Our favorite foods of today have a secret past

Food Flash explores the wild world of food news, from the health benefits of red wine to why dark chocolate is actually good for you.

Some of our most favorite foods today have a secret history — and many were not popular in the past.

Here are just a few of the once-controversial foods that have since become adored:


The avocado is everywhere today, from guacamole to toast. In the early 20th century, however, it was known as the alligator pear — and it did not sell well. Years later, advertising paid for by California farmers touted how healthy avocados are, and people became hooked.


Until the mid-19th century, the lobster was just another pest — the insect of the sea, if you will. Lobsters were considered unappetizing and inedible and were sometimes fed to imprisoned people or used as crop fertilizer. Today, they grace the finest linen tablecloths.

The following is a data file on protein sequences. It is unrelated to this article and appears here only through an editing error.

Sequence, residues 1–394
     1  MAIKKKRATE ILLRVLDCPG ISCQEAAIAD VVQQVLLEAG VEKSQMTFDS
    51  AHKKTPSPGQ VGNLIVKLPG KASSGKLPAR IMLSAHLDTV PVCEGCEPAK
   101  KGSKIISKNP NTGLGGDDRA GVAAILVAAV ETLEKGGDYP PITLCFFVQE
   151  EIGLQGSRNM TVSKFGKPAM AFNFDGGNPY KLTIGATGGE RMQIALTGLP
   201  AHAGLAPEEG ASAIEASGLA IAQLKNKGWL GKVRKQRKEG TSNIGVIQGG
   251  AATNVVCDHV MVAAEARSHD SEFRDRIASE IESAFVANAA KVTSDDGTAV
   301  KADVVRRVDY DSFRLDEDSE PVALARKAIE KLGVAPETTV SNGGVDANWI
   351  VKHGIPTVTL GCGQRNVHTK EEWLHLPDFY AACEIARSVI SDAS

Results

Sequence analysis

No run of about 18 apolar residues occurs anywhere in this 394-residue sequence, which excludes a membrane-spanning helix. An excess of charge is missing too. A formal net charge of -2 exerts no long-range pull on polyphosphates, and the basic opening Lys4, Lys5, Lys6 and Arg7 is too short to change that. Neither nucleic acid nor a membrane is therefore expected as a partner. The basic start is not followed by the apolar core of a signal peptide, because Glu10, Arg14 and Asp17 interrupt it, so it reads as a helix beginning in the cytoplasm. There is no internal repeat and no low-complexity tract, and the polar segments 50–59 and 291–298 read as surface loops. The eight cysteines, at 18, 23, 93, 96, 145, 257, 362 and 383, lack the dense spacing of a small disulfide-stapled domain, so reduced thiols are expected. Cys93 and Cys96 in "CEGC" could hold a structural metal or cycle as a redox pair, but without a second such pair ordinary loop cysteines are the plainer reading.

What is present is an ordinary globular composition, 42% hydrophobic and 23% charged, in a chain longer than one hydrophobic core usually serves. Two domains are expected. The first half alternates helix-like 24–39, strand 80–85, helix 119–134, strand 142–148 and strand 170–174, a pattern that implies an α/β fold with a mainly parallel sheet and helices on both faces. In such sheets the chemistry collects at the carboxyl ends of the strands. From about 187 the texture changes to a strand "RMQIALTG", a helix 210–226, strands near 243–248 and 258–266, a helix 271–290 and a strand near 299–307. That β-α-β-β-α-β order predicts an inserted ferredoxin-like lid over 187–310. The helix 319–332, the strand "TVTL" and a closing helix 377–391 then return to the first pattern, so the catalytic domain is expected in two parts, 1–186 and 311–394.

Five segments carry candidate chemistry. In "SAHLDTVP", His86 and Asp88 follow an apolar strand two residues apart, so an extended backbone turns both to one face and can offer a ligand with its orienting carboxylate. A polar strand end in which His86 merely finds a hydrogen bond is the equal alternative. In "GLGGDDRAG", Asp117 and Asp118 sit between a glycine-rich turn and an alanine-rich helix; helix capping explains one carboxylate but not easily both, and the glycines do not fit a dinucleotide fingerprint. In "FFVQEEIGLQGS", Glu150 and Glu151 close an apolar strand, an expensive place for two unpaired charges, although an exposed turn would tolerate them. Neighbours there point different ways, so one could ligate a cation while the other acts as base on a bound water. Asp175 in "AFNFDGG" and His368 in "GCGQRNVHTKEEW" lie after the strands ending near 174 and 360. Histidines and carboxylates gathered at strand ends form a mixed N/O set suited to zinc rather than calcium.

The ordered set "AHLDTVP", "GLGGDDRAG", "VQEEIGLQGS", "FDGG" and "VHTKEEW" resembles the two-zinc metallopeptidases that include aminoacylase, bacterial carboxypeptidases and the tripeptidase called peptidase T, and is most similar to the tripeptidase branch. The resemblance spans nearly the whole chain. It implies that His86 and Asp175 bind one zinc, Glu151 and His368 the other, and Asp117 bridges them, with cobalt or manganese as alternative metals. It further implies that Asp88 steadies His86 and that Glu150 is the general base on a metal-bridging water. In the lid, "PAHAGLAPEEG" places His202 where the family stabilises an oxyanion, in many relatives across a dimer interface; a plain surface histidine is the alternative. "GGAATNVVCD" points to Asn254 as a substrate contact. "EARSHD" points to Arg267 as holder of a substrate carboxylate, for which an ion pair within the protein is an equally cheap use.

The grain has taken the world by storm, but 20 years ago, this superfood was snubbed. In Peru and Bolivia where it is produced, the wealthy wouldn’t be caught dead eating quinoa, as it was notoriously a food of the poor.

Portobello mushrooms

Until the 1980s, these were considered too ugly to eat, and farmers either tossed them or took them home. A brilliant marketing trick gave the common and unglamorous fungi an Italian-sounding name, “portobello,” and the rest is history.

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